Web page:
Research Papers

An Adaptive Material Mask Overlay Method: Modifications and Investigations on Binary, Well Connected Robust Compliant Continua

[+] Author and Article Information
Anupam Saxena1

Indian Institute of Technology, Kanpur 208016, Indiaanupams@iitk.ac.in


Currently at IGM, RWTH-Aachen, Germany.

J. Mech. Des 133(4), 041004 (May 09, 2011) (11 pages) doi:10.1115/1.4003804 History: Received October 18, 2010; Revised February 10, 2011; Accepted March 07, 2011; Published May 09, 2011; Online May 09, 2011

The material mask overlay strategy employs negative masks to create material voids within the design region to synthesize perfectly binary (0-1), well connected continua. Previous implementations use either a constant number of circular masks or increase the latter via a sequence of subsearches making the procedure computationally expensive. Here, a modified algorithm is presented wherein the number of masks is adaptively varied within a single search, in addition to their positions and sizes, thereby generating material voids, both efficiently and effectively. A stochastic, mutation-only search with different mutation strategies is employed. The honeycomb parameterization naturally eliminates all subregion connectivity anomalies without requiring additional suppression methods. Boundary smoothening as a new preprocessing step further facilitates accurate evaluations of intermediate and final designs with moderated notches. Thus, both material and contour boundary interpretation steps, that can alter the synthesized solutions, are avoided during postprocessing. Various features, e.g., (i) effective use of the negative masks, (ii) convergence, (iii) mesh dependency, (iv) solution dependence on the reaction force, and (v) parallel search are investigated through the synthesis of small deformation fully compliant mechanisms that are designed to be robust under the specified loads. The proposed topology search algorithm shows promise for design of single-material large deformation continua as well.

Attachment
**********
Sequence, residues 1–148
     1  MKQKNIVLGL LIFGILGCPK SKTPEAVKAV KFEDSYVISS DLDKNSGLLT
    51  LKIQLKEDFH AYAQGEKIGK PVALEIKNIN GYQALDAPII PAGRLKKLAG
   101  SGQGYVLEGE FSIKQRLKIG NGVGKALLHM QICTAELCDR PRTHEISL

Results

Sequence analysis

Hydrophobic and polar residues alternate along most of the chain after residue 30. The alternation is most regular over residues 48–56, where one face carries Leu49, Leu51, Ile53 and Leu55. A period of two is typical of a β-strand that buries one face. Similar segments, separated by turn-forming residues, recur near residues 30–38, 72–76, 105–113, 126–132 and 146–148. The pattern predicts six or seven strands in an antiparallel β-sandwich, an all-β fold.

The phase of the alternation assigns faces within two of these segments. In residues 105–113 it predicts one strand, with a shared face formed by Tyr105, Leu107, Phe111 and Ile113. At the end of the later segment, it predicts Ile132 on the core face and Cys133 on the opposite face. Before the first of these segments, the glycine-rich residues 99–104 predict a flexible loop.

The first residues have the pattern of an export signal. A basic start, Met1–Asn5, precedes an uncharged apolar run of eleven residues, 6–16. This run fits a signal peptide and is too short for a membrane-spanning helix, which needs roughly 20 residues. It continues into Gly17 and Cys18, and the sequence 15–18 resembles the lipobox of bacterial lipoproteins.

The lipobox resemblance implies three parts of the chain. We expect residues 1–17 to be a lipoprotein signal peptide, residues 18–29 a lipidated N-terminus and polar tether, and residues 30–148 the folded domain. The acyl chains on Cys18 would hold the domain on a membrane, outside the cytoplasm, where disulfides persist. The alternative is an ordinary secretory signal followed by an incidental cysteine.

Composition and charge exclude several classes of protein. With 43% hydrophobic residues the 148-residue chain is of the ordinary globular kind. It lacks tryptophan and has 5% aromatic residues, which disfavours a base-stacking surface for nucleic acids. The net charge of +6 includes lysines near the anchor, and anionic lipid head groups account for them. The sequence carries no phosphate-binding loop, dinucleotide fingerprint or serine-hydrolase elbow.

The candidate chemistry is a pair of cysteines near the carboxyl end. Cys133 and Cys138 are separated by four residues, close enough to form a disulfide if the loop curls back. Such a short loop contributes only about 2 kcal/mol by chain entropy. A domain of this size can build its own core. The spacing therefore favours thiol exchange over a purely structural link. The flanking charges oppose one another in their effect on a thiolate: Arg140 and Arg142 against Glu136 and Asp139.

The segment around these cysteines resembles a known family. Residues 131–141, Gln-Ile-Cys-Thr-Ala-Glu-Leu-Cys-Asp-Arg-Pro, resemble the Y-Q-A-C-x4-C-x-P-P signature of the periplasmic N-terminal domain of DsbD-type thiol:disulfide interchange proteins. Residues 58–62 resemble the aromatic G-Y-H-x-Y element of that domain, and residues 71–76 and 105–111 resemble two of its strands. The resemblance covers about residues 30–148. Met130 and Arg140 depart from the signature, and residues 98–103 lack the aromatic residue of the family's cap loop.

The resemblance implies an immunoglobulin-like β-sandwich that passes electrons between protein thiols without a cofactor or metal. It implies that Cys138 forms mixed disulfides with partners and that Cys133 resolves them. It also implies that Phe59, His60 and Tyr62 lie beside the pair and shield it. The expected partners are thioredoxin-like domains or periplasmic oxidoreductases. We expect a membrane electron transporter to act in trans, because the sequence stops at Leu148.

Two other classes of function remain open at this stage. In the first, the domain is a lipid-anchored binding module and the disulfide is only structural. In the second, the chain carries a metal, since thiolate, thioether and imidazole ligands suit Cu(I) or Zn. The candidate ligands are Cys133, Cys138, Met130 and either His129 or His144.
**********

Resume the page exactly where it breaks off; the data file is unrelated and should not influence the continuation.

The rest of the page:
Copyright © 2011 by American Society of Mechanical Engineers
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Figure 1

Working of the material mask overlay strategy. Circular masks (thick circles) are used for material removal. Hexagonal cells inside a circular mask are empty while those outside the masks are all filled with the desired material. Key: Fx = fixed boundary, I = input port, and Δ = expected output deformation.

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Figure 2

Algorithm for dynamic altering of number, position, and size of overlaying masks

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Figure 3

Pictorial schematic of the working of dynamic allocation of material masks in overlay strategy. The iterations are performed until the allowed number of function evaluations are exhausted.

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Figure 4

Mesh smoothening procedure for hexagonal cells at the contour boundaries

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Figure 5